Sop caught the breaking news Kodrins take the 5th to the Supremes last week and, wanting to know more about the Writ, I picked up on the invitation of Kodrin’s Counsel and made a trip to the Redmann Law website.
Kodrin, much to my surprise, is not petitioning the Court to hear insurance issues. Instead, Kodrin raises two questions about the federal authory over state law. Obviously the underlying issues are about state insurance law but the question Kodrin presents are clearly about the extent of any related federal authority, if any authority at all:
- The court of appeals ruled that under Louisiana law as long as an insurer relies upon its own engineer’s opinion that petitioners’ loss of their home from Hurricane Katrina was not covered under their homeowners’ policy because it was flood-caused rather than wind-driven, it is not acting in bad faith and cannot be assessed extra damages and attorney’s fees under Louisiana law when it wrongfully denies coverage. Does this result overturn settled Louisiana law which penalizes an insurer who acts in bad faith in denying coverage even when it relies upon its own engineer’s opinion in doing so, creating unprincipled federal common law on the subject and subverting the policies of comity and federalism announced by this Court in Erie R. Co. v. Tompkins, 304 U.S. 65(1938)?
- Did the court of appeals nullify petitioners’ right to a jury trial by usurping the jury’s finding that respondent had acted in bad faith when it delayed deciding about whether petitioners’ homeowners’ policy would cover the loss of their home and then eventually denied coverage for the loss as flood-caused rather than wind-driven?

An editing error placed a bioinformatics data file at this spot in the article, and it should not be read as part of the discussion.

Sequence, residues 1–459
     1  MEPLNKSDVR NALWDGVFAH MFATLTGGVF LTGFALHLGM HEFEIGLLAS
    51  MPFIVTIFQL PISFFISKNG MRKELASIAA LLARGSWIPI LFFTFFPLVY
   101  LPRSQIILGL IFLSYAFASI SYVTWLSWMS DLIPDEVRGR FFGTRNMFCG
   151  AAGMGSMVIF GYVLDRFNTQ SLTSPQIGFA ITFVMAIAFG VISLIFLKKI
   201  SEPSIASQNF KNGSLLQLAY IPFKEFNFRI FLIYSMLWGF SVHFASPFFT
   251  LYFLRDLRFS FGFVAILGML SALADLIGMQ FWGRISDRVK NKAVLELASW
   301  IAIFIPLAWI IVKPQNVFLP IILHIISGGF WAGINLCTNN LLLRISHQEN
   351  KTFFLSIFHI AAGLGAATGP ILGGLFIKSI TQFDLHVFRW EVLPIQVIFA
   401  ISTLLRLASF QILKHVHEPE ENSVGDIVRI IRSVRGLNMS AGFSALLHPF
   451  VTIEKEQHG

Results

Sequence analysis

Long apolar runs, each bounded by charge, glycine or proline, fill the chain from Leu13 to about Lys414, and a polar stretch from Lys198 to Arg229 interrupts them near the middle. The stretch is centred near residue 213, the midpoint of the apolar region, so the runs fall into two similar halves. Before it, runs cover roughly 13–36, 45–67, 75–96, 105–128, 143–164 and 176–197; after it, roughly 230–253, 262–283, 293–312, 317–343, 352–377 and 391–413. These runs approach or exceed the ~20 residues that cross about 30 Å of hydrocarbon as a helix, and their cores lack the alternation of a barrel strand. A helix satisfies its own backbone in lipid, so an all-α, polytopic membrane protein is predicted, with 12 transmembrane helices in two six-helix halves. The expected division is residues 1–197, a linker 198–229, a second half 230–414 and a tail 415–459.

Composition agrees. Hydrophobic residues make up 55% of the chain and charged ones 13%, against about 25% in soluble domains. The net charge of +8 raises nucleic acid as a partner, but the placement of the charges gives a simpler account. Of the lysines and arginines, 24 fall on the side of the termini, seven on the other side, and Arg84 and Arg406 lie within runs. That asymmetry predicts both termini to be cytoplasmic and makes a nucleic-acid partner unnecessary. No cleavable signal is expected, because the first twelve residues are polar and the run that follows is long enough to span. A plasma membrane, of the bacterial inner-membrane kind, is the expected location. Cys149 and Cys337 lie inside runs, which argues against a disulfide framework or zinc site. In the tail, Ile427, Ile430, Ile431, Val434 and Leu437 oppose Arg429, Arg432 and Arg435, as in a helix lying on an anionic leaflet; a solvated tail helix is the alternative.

Skadden Arps attorney Shelia Birnbaum represented State Farm before the Court in Campbell and figured prominently in State Farm’s settlement with the Scruggs Katrina Group. Her name came to mind when I opened a State Farm engineer’s report you really could write on a napkin.
State Farm’s engineer somehow managed to spread an I-saw-nothing-therefore-I-know-nothing-with-certainty determination over two pages. As incredible a feat as that is, nothing is insufficient to prove cause of loss.
Basic math and basic law required State Farm to pay the Kodrin’s claim. However, their claim was denied.
A jury looked at the evidence and saw what the engineer reported – nothing. Instructed on the basic law that applied, the jury determined the Kodrin’s claim should be paid. The jury then applied basic math and the law and determined 0 proof = 0 reason for denial = bad faith x law = additional award to the Kodrins.
In a calculated move, State Farm took the jury’s decision to the Fifth Circuit and there the justices recalculated the case as 0 + 0 = 1 with 1= jury decision and determined this added up to 0 – 1=0 thus the law of the State of Louisiana was not applied.
The Kodrin’s asked the Fifth Circuit to reconsider; but, the Fifth declined – a decision that only makes sense if one understands the Justices had not considered the law of the State of Louisiana in their decision, consequently, they could not reconsider what they had never considered.
It is well established that individuals with disabilities develop coping strategies. However, oral arguments can only compensate for dyslexia. Dyscalculia requires a different set of compensating strategies but the Fifth Circuit needs just one – a reminder that the laws of math are beyond their authority.
The Kodrin’s Writ to the Supreme Court has it wits about it – the questions posed address only the authority the Fifth had to uphold the established Law of the State of Louisiana and Constitution.
The Constitutionally endowed right of a trial by jury and the primacy of state law are so fundamental that the greatest barrier the Kodrin’s Petition faces may prove to be anyone believing the Fifth Circuit could reach a decision contrary to either.
Regardless of what one thinks about Mississippi’s Supreme Court, the Justices clearly had read the briefs filed in Corban v USAA and understood Oral Arguments as the opportunity to ask questions for clarification, including the basis for calculation, leaving the math to the jury.
The Fifth Circuit, on the other hand, may need to hire a reader to ensure members comprehend the issues before attempting to reach a decision. Likewise, Court’s the best coping strategy to compensate for the dyscalculia that resulted in their convoluted decision in Kodrin is fidelity to the primacy of state law and the Constitution.